Want to tell the chef at your favorite corner BYOB what you really think of her new-for-fall dishes? Sign up for Tasting Collective. The members-only dining club is expanding to Philly next month, giving restaurant-obsessed Philadelphians the chance to take part in private dinners, share feedback with chefs, and get a behind-the-scenes look at what goes into putting plates on the table. It launches early October, with three eateries already locked in: Russet in Center City, East Passyunk Avenue’s Will BYOB, and Cadence in Kensington.
Nat Gelb started Tasting Collective in New York City two years ago, after seeing the response to dinners he set up for friends in private rooms at local restaurants. Through word of mouth, the small events grew bigger and bigger, until he was easily able to take over an entire restaurant for two seatings a night, with chefs making dishes that aren’t usually on the menu. The supper club expanded to Chicago and then San Francisco, and now Philly.
“I didn’t have a connection to Philadelphia before I started prepping for our expansion there, but I totally fell in love with it,” Gelb says. “I live in Brooklyn, and Philly has a similar vibe — there’s a palpable energy, with this very vibrant, bustling food scene with innovative, small, independent, chef-owned restaurants.”
Those chef-owned restaurants are the key to Tasting Collective. Here’s how it works: Gelb and his team approach a place like Will, usually only open Wednesday to Sunday, and promise to fill the restaurant on a night that it’s typically closed or slow, often with two seatings. The restaurant knows in advance how many people are coming in, which means it knows how much food to buy and prepare, and it keeps all the money it brings in. Diners pay $50 a head, not including tax and tip.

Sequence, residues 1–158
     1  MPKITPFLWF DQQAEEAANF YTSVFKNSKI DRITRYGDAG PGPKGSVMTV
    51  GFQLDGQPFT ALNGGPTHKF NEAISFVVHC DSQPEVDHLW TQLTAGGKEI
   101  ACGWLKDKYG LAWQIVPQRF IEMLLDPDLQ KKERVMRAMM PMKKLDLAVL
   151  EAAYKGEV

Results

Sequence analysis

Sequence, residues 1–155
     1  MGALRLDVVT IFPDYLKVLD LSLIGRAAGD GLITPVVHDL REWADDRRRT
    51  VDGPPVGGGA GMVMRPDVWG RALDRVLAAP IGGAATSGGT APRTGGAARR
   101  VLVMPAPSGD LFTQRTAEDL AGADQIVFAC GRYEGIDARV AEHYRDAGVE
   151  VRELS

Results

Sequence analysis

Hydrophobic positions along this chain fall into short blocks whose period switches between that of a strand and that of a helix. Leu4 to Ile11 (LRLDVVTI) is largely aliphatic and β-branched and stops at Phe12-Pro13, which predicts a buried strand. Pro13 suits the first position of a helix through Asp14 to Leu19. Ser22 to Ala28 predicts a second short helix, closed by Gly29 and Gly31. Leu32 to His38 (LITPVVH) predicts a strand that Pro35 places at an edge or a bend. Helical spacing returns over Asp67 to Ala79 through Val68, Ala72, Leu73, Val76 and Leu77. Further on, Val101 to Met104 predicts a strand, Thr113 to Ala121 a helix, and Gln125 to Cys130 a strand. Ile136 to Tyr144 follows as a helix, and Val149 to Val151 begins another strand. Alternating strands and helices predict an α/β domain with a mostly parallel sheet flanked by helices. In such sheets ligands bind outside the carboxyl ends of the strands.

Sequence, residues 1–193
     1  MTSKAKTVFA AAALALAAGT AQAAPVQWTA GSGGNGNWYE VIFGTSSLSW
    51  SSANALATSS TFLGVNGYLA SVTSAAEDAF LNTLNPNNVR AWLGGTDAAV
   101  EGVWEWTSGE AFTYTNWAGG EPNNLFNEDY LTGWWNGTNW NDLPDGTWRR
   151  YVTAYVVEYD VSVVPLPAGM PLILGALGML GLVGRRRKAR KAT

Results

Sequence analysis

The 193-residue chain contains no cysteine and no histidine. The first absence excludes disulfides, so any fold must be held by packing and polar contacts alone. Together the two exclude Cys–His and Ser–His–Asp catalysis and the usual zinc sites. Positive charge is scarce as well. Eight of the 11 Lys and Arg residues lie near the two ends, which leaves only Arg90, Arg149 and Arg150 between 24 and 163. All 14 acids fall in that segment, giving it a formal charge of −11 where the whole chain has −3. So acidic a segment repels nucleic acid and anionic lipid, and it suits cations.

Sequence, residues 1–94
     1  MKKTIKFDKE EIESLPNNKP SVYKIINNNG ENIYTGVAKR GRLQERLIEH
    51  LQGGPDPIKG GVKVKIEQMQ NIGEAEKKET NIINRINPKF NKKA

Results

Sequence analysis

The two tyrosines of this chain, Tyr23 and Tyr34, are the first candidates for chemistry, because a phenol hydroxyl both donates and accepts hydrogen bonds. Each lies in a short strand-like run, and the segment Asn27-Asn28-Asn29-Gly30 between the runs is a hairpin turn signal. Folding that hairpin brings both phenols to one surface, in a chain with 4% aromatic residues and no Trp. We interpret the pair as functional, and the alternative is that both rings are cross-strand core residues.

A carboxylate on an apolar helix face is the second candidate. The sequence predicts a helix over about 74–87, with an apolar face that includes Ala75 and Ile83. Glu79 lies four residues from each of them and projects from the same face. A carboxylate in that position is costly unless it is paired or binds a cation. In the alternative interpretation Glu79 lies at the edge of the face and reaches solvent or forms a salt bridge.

Tasting Collective makes its money by selling $165 annual memberships. Only members can purchase tickets to the dinners. (They can also bring guests, for an extra $25.)
“We don’t make money off the events themselves — I knew this wasn’t going to work if we were gouging restaurants; they’re struggling enough,” Gelb says. “But we’re coming in, bringing in new people, and a restaurant is making as much on a Sunday or Monday as it usually would on a Friday.”
Along with the meal, members are signing up for intimate conversations with notable chefs.
When the dishes start coming out, the chef comes out too and tells the story behind the food: the inspiration for the restaurant or where certain ingredients come from, or maybe how a particular dish is made and where he learned the recipe. Meanwhile, “the food comes out constantly,” Gelb says. “We call it an eight-course feast, but there’s no break. The food just keeps coming, it’s a whirlwind experience.”
Diners jot down questions for the chef on cards, for a Q&A that takes place at the close of the meal. They’re also given menus — printed by Tasting Collective — and invited to rate each dish and write comments. The annotated menus are collected for the kitchen.
“Feedback is a big part of the experience,” Gelb says. “Attendees get to try out stuff that’s not on the regular menu — dishes the chef is playing around with, testing out. And then the chef gets really awesome feedback in a closed-loop system. It’s not feedback that lives online on Yelp forever. It’s feedback that all about being constructive.”
Gelb likes an aura of urgency around Tasting Collective’s events. The first dinners in Philly are October 8 and 9, and memberships are just opening now. Once it takes off, Tasting Collective dinners will pop up at different restaurants every other week, with the when-and-where reveal about a week ahead of each event. “That’s plenty of time,” Gelb says. “These will fill up.”